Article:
Email us or connect with us on Facebook and Instagram. We’d love you to subscribe, leave us a review and a 5-star rating if you enjoyed this episode.

Please tell your perimenopausal mama friends about us, too!

You can also support us by visiting our Patreon page.

Stay safe and healthy everyone!

Disclaimer: The information provided in this presentation is not meant to replace treatment with a licensed health care practitioner. It is for informational purposes only. Consult with a Naturopathic Doctor or other licensed health care professional to determine which treatments are safe for you.

Episode 107: How to Survive Perimenopause: What the Research Says

In today’s episode, Dr. Lisa and Dr. Toni discuss what research tells us about different treatments for symptoms in perimenopause like hot flashes, depression and poor sleep. In this part 2 of 2 episodes, we talk about treatments like acupuncture, hormone replacement and supplementing with soy, flax, omega 3 fish oil, melatonin and creatine.

In this episode, we cover how:

  • soy intake can reduce hot flashes in perimenopausal and postmenopausal women, as well as supporting your mood, brain function, cholesterol levels and bone health
  • flax seed can impact your estrogen levels
  • beer can reduce hot flashes – for more info, see Episode 106
  • omega 3 fish oil can improve mood
  • melatonin can improve your sleep and other perimenopausal symptoms – providing benefit even if you get a good night’s sleep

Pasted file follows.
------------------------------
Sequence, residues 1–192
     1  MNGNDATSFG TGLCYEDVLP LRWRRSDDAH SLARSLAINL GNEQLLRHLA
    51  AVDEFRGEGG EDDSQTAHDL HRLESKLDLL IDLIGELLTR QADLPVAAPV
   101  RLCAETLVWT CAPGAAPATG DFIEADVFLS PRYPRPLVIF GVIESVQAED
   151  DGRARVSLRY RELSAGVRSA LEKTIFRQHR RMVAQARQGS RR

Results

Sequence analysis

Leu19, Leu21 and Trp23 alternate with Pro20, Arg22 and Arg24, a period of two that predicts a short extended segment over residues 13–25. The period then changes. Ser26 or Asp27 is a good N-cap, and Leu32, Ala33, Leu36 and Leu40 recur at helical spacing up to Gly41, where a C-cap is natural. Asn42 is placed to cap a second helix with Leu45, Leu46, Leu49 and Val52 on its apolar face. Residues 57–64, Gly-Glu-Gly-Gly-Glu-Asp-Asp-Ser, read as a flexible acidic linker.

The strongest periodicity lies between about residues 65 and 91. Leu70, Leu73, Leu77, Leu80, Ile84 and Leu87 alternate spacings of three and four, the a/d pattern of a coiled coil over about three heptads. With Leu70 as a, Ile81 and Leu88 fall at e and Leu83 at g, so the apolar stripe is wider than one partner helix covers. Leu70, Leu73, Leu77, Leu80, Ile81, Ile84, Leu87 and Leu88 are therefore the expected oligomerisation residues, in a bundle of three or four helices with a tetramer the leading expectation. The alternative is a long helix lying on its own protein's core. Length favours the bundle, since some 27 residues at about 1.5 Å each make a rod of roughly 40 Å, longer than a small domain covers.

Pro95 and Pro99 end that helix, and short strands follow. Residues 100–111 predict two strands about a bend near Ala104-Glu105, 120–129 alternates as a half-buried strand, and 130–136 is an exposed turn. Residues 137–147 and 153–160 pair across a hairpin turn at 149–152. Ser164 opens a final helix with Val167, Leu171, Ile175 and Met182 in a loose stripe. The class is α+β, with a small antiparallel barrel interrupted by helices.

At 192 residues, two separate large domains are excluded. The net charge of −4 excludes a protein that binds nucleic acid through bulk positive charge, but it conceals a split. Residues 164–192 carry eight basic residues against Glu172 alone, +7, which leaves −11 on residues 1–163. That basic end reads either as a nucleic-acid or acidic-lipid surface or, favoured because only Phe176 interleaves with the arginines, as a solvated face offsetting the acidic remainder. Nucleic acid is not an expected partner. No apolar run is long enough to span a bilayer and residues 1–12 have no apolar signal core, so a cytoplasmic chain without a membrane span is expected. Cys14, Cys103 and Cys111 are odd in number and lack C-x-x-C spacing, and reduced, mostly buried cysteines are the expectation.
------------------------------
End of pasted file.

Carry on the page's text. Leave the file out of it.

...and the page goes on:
• creatine can support your muscle mass, mood and sleep
    • for more about the importance of muscle mass, see Episode 103
  • acupuncture can reduce depression and hot flashes, plus improving mood
  • you can discuss with your doctor what kind of hormone replacement might be beneficial for you to positively impact your hot flashes, sleep and mood, while supporting your bone and cardiovascular health (and the newly assessed risks of different hormone combinations)

Don’t forget, treatments for symptoms in perimenopause are not one size fits all! What works for one person might not work for you…it can take time to figure out what treatments works best for you.

Today’s Mama Must Have:

Dr. Lisa loves reading daily and was inspired by Gretchen Rubin to read 13 books so far in 2021.

Dr. Toni is a big fan of reality TV shows like Survivor and Selling Sunset. 

Thank you for joining us today!

Email us or connect with us on Facebook and Instagram. We’d love you to subscribe, leave us a review and a 5-star rating if you enjoyed this episode.

Please tell your perimenopausal mama friends about us, too!

You can also support us by visiting our Patreon page where you can find out how you can join us for our monthly patron webinar where we do a deeper dive discussion about all things perimenopause,

Stay safe and healthy everyone!

Disclaimer: The information provided in this presentation is not meant to replace treatment with a licensed health care practitioner. It is for informational purposes only. Consult with a Naturopathic Doctor or other licensed health care professional to determine which treatments are safe for you.